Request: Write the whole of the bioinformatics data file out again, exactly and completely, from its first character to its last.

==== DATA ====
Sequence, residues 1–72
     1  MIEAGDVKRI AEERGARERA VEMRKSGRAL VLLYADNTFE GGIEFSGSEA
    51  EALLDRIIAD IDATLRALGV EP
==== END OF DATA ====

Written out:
Sequence, residues 1–72
     1  MIEAGDVKRI AEERGARERA VEMRKSGRAL VLLYADNTFE GGIEFSGSEA
    51  EALLDRIIAD IDATLRALGV EP